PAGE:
Wednesday, August 29, 2012 | 10:10 AM
By Ryan Boyd, Developer Advocate for Cloud Data Services
Businesses and developers are using BigQuery to solve a wide variety of use cases – from optimizing advertising campaigns, to spotting inventory shortfalls, to understanding customer behavior. Accommodating these varied use cases requires BigQuery to be flexible, both for the developers integrating applications with the API and for the analysts running ad-hoc queries. Today we’ve made it more flexible by adding batch queries and a connector for Microsoft Excel.
Batch priority queries
BigQuery was designed for ad-hoc, iterative analytics on millions-to-billions of rows of data. When you’re diving into your data to gain insights, you want your queries to run in seconds rather than waiting minutes or hours. Sometimes our customers don’t need these fast responses when they’re running nightly jobs to update dashboards or reports, but want to use the same BigQuery technology and underlying datasets for these queries. We’ve now added batch pricing to accommodate these developers, allowing them to run their queries at a significantly lower cost.
Here’s how to set the priority to ‘batch’ when submitting a new query via the Google APIs Client Library for Java:
Job job = new Job(); JobConfiguration config = new JobConfiguration();Batch queries will execute between 30 minutes and 3 hours after they are submitted. See more information in our Developers Guide.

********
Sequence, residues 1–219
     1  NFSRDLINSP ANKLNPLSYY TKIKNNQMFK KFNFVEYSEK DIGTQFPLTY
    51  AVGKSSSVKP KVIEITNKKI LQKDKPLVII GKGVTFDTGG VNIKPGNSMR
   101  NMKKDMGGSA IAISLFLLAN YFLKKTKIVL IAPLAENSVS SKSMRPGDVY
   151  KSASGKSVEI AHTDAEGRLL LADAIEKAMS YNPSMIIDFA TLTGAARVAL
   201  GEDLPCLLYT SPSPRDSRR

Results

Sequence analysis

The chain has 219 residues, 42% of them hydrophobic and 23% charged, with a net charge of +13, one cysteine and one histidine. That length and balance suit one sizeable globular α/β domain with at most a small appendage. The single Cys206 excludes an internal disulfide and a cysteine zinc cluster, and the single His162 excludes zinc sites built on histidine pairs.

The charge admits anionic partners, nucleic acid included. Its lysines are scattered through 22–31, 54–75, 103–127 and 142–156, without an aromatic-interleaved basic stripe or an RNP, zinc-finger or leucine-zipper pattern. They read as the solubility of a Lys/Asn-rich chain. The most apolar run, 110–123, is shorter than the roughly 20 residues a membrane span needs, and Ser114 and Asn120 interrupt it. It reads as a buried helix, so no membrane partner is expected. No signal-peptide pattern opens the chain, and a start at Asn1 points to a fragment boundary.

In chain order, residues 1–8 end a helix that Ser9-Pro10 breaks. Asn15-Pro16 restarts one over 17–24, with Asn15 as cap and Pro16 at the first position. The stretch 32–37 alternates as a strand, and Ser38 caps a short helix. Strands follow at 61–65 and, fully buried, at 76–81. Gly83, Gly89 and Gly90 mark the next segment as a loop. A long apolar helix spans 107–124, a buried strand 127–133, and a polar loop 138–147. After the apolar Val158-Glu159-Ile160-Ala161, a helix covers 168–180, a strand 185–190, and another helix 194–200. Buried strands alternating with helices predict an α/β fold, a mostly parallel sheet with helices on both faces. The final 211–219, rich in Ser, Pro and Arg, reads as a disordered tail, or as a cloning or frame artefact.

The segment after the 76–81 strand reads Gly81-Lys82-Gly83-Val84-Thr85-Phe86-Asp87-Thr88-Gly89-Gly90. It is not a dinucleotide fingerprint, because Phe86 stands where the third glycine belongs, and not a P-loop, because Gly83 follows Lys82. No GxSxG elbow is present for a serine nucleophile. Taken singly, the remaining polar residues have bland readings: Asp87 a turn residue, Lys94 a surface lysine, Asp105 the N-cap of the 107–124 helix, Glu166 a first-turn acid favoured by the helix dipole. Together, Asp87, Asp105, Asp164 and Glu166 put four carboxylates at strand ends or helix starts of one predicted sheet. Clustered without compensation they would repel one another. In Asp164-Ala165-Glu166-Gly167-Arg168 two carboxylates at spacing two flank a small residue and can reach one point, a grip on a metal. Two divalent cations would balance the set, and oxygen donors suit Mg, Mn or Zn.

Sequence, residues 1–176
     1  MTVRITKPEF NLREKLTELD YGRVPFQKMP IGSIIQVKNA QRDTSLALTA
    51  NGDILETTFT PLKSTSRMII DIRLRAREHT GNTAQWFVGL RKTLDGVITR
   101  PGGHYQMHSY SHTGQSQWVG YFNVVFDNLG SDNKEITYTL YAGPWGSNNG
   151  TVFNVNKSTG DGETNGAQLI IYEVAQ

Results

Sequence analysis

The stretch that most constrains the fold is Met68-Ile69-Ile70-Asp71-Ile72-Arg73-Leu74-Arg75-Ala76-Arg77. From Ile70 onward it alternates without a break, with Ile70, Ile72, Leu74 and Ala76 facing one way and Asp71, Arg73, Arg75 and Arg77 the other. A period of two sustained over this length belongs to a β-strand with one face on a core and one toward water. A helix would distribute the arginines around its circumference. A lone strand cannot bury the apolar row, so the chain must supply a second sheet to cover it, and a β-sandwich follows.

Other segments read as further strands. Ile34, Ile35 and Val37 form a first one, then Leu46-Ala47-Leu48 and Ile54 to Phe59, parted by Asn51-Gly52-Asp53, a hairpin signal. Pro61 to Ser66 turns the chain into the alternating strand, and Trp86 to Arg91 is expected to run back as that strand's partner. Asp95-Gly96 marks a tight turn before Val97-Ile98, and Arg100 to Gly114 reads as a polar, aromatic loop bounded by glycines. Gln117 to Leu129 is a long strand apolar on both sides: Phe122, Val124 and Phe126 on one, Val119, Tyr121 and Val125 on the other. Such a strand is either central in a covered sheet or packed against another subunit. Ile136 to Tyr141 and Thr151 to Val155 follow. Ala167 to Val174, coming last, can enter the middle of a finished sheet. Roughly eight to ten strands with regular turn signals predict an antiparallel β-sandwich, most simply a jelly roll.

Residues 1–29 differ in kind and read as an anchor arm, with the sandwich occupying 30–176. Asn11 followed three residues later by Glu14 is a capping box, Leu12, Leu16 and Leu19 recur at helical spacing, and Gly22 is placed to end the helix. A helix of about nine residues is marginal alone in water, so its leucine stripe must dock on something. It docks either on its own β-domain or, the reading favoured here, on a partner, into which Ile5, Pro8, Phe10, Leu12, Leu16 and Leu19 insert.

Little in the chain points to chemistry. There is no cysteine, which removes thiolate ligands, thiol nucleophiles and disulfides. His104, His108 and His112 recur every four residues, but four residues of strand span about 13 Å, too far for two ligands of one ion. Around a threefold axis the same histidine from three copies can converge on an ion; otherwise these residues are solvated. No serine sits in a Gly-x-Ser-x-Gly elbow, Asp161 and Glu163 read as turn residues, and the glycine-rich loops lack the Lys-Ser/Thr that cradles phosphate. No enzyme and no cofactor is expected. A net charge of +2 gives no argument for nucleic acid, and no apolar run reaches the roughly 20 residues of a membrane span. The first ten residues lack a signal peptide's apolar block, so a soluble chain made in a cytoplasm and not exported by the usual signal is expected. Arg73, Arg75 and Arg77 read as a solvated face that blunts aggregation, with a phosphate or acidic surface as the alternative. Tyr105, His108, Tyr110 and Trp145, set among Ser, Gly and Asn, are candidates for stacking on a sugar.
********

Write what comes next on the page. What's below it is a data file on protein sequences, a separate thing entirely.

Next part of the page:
JobConfigurationQuery queryConfig = new JobConfigurationQuery();
com.google.api.services.bigquery.Bigquery.Jobs.Insert insert = bigquery.jobs().insert(projectId, job);
BigQuery Connector for Excel
Spreadsheets are a popular tool for analysts, executives and and developers to explore data. Last year we launched the ability for users of Google Spreadsheets to execute BigQuery queries using the Google Apps Script integration. Today, we’re launching the BigQuery Connector for Excel, which allows Microsoft Excel users to do the same with the ‘External Data’ functionality built into the product. Once the BigQuery results are in Excel, you can easily make pivot tables, create charts and integrate it with data from other sources. If you’re interested, you can try it right now!
Let us know what you think of these new features and what else you’d like to see in the roadmap by reaching out on Google+. We’ll also be holding office hours this Friday at 10 AM PDT on Google Developers Live to talk about these new features and answer any questions you have about BigQuery.
Microsoft and Excel are registered trademarks of Microsoft Corporation
Ryan Boyd is a Developer Advocate, focused on cloud data services. He's been at Google for 6 years and previously helped build out the Google Apps ISV ecosystem. He published his first book "Getting Started with OAuth 2.0" with O'Reilly.
Posted by Scott Knaster, Editor